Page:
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(Photo courtesy of Roses for Autism )
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After two acts of vandalism at Roses for Autism left employees upset and community members enraged, residents have now turned their anger and disgust into a positive force. Only two weeks after the last act of vandalism, Roses for Autism has received a flood of donations, both floral and financial, totaling more than $22,900.
The first act of vandalism took place on June 2. Employees of Roses for Autism, the Guilford-based non-profit that fosters employment opportunities for people with autism, arrived at work to find recently purchased plants and seed had been stolen and a broken trellis at the site of a planned sensory garden. The garden, which would have been one of the first of its kind on the shoreline, was supposed to be formally opened to the public on Saturday, June 24.
Despite initial support from the community and the Guilford Police to repair the garden and still try to make the June 24 opening day, vandals struck again on June 12, this time digging up different plants and flowers and stealing statues and lawn ornaments in the garden.
The new sensory garden has been a work in progress since 2015, with employees and volunteers raising $12,000 for supplies and volunteers putting in over 1,000 hours to build the garden. A sensory garden is a garden designed to have different beds that invoke different senses, which can be both therapeutic and educational.
After the two crimes, Roses for Autism Managing Director Michelle Ouimette said the opening was formally postponed and the organization put out the call for donations to repair the garden via a GoFundMe page with the hope of raising $10,000 for repairs.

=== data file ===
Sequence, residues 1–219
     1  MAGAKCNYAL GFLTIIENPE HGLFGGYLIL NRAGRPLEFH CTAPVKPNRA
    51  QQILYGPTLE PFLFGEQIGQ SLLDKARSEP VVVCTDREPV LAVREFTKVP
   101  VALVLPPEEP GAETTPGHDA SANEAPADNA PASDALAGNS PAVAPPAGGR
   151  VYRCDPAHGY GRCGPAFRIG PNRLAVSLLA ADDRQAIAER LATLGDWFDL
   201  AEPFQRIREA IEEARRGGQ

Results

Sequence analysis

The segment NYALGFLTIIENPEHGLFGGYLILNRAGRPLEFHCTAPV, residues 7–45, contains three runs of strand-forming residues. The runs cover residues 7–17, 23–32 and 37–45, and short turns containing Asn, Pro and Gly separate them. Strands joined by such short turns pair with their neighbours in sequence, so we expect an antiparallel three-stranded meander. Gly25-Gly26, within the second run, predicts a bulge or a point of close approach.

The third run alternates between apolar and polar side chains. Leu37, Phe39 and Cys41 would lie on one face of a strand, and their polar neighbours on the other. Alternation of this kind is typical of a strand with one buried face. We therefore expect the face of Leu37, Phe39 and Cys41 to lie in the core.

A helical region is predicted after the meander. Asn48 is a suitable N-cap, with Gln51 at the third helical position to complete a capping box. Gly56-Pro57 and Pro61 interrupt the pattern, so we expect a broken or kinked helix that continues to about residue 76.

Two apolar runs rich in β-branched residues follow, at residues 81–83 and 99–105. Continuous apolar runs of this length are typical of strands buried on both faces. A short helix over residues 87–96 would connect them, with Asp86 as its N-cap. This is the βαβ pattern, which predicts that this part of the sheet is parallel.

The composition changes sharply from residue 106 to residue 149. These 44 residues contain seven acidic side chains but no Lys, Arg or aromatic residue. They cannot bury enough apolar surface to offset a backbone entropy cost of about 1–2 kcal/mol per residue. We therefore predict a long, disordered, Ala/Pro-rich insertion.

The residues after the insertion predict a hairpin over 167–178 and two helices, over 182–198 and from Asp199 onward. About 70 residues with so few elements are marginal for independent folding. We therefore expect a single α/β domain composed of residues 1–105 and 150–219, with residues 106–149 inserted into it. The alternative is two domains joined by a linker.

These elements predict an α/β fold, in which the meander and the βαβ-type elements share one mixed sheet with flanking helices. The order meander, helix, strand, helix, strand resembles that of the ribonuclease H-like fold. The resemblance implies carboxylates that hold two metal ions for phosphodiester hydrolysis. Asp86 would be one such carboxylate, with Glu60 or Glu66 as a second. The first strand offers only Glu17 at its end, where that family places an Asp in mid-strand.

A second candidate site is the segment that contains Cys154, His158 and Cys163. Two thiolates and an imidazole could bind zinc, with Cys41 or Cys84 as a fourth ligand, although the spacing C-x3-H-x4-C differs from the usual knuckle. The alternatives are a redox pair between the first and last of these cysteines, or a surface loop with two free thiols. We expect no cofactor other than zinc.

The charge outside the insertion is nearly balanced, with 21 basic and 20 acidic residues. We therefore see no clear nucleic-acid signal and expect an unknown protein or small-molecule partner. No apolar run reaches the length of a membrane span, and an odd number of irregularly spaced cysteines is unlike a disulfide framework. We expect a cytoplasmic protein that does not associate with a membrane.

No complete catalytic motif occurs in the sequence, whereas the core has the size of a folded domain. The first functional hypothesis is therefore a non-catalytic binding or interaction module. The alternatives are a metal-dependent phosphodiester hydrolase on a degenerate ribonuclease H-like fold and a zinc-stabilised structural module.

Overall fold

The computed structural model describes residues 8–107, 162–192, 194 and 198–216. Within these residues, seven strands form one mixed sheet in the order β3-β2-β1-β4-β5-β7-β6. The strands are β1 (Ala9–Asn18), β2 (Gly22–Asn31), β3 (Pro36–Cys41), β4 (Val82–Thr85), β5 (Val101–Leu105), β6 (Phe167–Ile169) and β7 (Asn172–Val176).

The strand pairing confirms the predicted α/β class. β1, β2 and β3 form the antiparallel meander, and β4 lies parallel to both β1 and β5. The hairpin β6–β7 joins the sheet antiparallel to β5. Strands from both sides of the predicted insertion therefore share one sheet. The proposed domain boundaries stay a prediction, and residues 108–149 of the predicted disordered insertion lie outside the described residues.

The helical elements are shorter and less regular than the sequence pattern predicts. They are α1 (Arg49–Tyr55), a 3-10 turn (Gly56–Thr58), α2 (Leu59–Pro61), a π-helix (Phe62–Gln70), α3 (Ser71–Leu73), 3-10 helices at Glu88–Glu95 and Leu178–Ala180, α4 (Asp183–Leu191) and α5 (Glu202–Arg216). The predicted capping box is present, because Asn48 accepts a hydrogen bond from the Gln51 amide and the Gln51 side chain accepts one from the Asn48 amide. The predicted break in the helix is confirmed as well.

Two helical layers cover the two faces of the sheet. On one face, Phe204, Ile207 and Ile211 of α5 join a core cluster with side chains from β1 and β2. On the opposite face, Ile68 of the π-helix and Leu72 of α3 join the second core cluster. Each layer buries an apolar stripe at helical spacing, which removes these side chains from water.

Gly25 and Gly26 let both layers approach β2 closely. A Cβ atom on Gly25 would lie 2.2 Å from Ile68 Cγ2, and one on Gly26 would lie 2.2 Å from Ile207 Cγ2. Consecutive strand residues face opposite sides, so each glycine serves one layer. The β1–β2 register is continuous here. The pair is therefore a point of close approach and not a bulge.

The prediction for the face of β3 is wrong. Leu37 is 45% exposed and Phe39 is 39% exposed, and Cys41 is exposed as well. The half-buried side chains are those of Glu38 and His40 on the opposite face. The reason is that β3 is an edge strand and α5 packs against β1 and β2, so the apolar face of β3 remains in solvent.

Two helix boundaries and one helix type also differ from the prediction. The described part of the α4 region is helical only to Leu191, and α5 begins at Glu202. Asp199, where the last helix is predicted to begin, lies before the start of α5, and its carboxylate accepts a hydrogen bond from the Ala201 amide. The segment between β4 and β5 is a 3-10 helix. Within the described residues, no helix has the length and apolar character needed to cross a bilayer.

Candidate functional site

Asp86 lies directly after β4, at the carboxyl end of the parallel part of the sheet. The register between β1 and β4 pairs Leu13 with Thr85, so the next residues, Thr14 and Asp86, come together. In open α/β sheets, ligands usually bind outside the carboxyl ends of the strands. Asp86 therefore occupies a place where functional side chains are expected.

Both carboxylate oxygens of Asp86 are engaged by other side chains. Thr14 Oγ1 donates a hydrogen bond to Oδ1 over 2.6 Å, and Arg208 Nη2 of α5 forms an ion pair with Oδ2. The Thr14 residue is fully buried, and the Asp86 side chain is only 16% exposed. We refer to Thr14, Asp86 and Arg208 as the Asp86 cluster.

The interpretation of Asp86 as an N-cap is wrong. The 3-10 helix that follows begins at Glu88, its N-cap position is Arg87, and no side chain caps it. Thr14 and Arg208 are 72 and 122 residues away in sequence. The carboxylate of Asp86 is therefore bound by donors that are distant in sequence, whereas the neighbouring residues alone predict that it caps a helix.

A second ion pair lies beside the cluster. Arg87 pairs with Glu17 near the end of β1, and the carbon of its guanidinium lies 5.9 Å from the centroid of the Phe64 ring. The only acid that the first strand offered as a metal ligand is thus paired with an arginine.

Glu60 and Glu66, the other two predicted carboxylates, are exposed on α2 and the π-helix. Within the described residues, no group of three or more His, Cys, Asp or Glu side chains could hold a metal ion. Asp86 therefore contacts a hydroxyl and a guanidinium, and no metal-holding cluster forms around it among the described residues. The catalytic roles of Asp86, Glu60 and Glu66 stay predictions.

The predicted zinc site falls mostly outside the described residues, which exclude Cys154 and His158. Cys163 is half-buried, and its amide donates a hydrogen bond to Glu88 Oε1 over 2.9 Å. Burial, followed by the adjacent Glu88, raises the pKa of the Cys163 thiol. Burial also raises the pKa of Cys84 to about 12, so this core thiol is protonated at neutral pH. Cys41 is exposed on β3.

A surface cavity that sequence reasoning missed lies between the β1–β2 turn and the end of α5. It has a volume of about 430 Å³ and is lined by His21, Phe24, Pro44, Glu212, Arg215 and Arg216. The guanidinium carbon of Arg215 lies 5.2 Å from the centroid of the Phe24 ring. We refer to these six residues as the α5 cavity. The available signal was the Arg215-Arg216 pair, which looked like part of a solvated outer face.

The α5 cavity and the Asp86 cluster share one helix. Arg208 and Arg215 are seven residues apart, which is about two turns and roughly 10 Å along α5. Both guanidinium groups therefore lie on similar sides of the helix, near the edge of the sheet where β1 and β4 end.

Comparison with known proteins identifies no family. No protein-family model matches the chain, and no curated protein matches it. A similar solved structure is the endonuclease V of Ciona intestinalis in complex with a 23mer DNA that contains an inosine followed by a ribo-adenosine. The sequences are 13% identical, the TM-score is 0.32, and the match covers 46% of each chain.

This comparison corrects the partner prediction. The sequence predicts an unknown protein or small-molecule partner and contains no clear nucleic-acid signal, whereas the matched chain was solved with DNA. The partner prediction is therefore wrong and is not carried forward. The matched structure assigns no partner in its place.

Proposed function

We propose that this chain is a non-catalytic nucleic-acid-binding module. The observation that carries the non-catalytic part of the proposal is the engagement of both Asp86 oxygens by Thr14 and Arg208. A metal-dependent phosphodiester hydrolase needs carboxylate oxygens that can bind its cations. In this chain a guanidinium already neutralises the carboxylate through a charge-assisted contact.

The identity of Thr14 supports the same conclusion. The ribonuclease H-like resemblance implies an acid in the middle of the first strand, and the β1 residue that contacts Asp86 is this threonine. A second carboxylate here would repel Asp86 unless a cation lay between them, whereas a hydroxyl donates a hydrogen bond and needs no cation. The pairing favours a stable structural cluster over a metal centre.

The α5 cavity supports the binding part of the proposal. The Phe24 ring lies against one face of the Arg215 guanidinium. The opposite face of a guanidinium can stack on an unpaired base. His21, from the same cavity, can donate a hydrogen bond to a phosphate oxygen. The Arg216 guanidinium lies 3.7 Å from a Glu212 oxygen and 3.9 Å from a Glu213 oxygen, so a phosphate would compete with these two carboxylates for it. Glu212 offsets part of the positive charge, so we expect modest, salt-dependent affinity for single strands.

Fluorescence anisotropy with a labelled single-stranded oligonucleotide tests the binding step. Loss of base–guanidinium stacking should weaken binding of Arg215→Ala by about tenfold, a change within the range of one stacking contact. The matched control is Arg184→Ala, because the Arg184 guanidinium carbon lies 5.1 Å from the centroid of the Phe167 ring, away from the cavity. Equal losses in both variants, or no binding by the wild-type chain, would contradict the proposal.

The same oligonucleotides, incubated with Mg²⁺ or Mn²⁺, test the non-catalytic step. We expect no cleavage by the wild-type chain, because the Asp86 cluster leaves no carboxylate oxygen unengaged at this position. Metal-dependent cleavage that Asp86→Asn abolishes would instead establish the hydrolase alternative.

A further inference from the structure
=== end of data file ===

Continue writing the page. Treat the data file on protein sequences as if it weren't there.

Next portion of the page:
As word of the vandalism quickly spread, Ouimette said she was taken back by the overwhelming show of support from the community.
“Myself and the entire team at Roses For Autism, we were shocked and overwhelmed,” she said. “We know that we have been part of the community and we are happy to be but I guess we didn’t realize how many people supported us as well so we are just really overwhelmed and moved by all of the community support… people really responded to the coverage and then they shared the story with their friends.”
Within two weeks the GoFundMe page donations totaled more than $12,600 with dollars rolling in from longtime supporters and other residents both in Guilford and across the state. Host of Garden Talk on WTIC-AM and employee of Prides Corner Farms in Lebanon CT Len Giddix expressed his disgust at the acts of vandalism and encouraged Prides Corner to donate, which they did – donating 84 rose bushes.
“The garden has a variety of plants so that donation is going to allow us to — it was a long-term goal but we just were not able to do it at this point – encircle the sensory garden with rose bushes because we are Roses for Autism so as part of the rebuild we are actually going to be able to do that right away which is wonderful,” said Ouimette.
Having already achieved the fundraising goal, Ouimette said she is now trying to set up a schedule so that all who offered to volunteer can participate in the reconstruction of the garden. Before repairs begin however, Ouimette said new security measures are being put in place.
“We have already identified where the security cameras are going to go,” she said. “We are looking at solar cameras that will also record onto a chip. We are also going to put a gate at the driveway after hours so people can’t drive down the driveway. One of the most important things with the cameras is to make sure they are sort of hidden in plain view because we don’t want people to feel uncomfortable or unwelcome in any way – particularly the folks that we serve – but we do need to have these security measures in place.”
Guilford Police Chief Jeff Hutchinson said no suspects have been identified yet but the investigation is ongoing. For now, a new opening date for the sensory garden has been tentatively set for Sept 16, 2017.
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